Orchids 101 (For Beginners Only)

Years ago I was touring the Filoli mansion in Woodside, California when I came across an unusual flowering plant. It perched high on a table in an upstairs hallway and sported tiny, reddish-brown blossoms. Plunging my nose into its petals, I discovered it smelled exactly like chocolate.

Our guide explained that the plant was ‘Sharry Baby,’ or Chocolate Oncidium; an orchid admired for its lovely shape and abundant flowers. This was news to me, because like many people, I was only familiar with the moth orchid, Phalaenopsis.

Chocolate oncidium, commonly known as Sharry Baby

I’ll admit I was naive. And thus I began my immersion into the world of these beautiful tropical plants, a journey that continues to the present day. 


Branching out, I began searching for opportunities to grow my knowledge. So, a year later I found myself touring Lo de Perla, an orchid garden located high on a mountainside in Mexico. There, deep in the jungle, thousands of orchids known as epiphytes grew wild on tropical trees.

Indeed, I learned that most orchids are epiphytes, meaning they grow on top of other plants. Happily, Lo de Perla had a seemingly endless number of varieties. It was a great way to begin my studies. 

 Lo de Perla


Last year, I heard about a show being held at Washington, DC’s Hirshhorn Museum. Located in the building’s main lobby, the annual exhibition is curated jointly by the U.S. Botanic Garden and Smithsonian Gardens. The display, which was created by the museum’s own designers, featured hundreds of orchids in a customized gallery.

To highlight the different species, each type was presented in its own cubby hole in a single white pot. Thanks to this unusual design, I was able to observe the flowers’ unique characteristics up close.


However in February, I received my best education to date at Longwood Gardens, where each year in late winter the property hosts an orchid exhibition. Not only was the show instructional, but it was also astonishing. The place teemed with jaw-dropping installations.

East Conservatory at Longwood Gardens

In particular, I noticed the many phalaenopsis suspended from the ceiling.

Ample signage displayed throughout the garden confirmed that the orchid family is a big one. One of the largest families of flowering plants, it is considered the most evolutionary advanced plant family in the world. This is due to its highly specialized floral structure.


Longwood has a reputation for showcasing unusual types of plants. So, I was delighted to discover an exhibition of rare Phalaenopsis hybrids from Taiwan arranged along one passageway. Demonstrating a specialized technique perfected by experts in that country, the plants featured long strands of flower-pairs blooming in unison on single stalks. 

Phalaenopsis from Taiwan

Close-up of white phalaenopsis from Taiwan

However the real education began when, winding my way through a maze of greenhouses, I spotted an area devoted entirely to instruction. To the left of the staff potting room, I spied hundreds of varieties from Longwood’s own collection. 

Here at last were orchids for beginners! Furthermore, attached to the wall were signs describing the main characteristics of each type. So if you, like me, are looking to learn, please see below.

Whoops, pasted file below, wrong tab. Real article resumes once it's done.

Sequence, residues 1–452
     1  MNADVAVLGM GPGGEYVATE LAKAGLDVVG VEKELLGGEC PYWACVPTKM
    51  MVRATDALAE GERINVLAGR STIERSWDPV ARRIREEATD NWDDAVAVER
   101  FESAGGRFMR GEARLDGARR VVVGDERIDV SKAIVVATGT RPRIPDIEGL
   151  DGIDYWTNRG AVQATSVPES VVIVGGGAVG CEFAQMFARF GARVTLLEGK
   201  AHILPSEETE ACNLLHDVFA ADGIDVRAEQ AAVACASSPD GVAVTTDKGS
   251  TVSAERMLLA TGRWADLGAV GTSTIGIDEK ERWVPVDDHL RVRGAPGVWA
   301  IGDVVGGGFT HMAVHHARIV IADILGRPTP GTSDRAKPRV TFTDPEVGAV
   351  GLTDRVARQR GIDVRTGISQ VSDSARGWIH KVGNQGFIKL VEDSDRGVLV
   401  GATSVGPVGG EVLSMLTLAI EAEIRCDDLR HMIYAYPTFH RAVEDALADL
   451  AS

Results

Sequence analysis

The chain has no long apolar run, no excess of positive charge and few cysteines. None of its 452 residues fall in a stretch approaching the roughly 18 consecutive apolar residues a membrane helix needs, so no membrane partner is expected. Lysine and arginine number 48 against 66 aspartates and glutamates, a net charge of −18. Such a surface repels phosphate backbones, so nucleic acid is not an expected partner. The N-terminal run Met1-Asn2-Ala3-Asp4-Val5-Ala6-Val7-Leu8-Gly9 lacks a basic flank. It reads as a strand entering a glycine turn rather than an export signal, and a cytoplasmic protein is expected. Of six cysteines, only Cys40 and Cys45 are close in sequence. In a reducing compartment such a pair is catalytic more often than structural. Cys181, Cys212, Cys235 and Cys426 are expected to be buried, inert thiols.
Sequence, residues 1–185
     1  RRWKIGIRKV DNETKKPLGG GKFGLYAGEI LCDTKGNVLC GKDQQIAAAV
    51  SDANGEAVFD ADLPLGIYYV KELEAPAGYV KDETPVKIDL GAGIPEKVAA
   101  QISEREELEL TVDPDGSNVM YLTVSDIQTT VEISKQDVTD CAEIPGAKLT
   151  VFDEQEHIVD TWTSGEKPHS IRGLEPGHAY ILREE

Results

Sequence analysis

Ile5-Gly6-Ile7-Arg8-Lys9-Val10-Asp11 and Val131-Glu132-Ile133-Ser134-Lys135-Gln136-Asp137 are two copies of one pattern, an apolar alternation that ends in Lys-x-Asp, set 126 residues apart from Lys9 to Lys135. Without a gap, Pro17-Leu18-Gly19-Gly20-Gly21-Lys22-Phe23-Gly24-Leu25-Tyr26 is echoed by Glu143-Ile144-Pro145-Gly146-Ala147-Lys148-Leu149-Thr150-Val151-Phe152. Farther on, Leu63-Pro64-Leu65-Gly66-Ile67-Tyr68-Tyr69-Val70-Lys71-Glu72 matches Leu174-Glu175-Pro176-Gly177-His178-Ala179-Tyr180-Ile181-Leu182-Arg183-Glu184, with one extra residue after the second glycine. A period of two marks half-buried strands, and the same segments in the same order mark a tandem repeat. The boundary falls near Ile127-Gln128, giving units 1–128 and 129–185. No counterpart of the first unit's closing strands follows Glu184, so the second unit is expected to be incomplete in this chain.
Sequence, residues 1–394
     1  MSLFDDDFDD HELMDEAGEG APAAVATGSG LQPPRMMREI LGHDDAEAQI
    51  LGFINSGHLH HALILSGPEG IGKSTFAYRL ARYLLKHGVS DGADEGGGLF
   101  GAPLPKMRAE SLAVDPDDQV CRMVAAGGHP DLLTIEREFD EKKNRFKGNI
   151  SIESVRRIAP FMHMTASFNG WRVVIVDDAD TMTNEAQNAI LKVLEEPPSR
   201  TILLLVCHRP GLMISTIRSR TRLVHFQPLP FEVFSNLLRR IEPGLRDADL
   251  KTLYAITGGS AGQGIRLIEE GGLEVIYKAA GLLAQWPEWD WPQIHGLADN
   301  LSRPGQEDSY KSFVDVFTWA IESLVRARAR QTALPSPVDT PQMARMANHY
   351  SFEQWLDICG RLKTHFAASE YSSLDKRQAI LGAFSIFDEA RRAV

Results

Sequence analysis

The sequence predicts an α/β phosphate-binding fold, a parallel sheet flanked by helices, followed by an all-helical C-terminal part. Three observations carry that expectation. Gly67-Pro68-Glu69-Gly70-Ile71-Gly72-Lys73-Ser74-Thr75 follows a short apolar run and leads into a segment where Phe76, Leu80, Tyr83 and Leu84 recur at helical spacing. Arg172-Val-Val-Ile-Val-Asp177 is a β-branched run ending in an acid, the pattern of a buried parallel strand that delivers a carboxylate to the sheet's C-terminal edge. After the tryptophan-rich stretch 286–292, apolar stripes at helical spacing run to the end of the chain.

Cattleyas, also known as corsage orchids, are not only exceptionally showy but they are also frequently fragrant. They were the most popular variety in the early 20th century.


Miltoniopsis, commonly known as pansy orchids, are native to Central and South America. They are most notable for their large flowers and long stems that can carry up to seven or more blossoms at a time.


Vandas are native to tropical and subtropical Asia and Australia. They are known to be some of the bluest flowers in the orchid world (although they looked purple to me.) Aside from blue, they range in color from dark purple to red and also come in pink, yellow and white.


Unlike many varieties, cymbidiums need cool temperatures and bright light to flower. Most carry many flowers on a single stem. They are often used in cut flower arrangements.


Dendrobiums are native to tropical and subtropical Asia and Oceana. They are unusual in that they grow on rocks as well as trees. A large genus with over 1,000 species, they are sometimes referred to as ‘rock orchids.’


Masdevallias can bloom year round in the right conditions. Native to Mexico and Central and South America, they are sometimes referred to as ‘little flag orchids.’


Paphiopediums, also known as slipper orchids, have a large pouch that resembles a shoe. Native to China and tropical Asia, they usually carry just one flower per stem.


Oncidiums (of which the aforementioned chocolate-scented Sharry Baby is one) are a large genus of over 300 species. Commonly known as Dancing Ladies, they are native to South America.


Finally, the most common variety Phalaenopsis are the easiest to grow. Moth orchids have large, flat blooms and thick green upright leaves. Native to tropical and subtropical Asia and Australia, they grow mainly as epiphytes.



Ready to head to the store? Many orchids are easier to care for than you might think. Just remember, since most of them are used to growing in air, they don’t like lots of water or heavy soil around their roots.

Water once a week in the morning, allowing the plant to completely dry out between waterings. Most importantly, never leave your orchid standing in water, which will quickly rot the roots.


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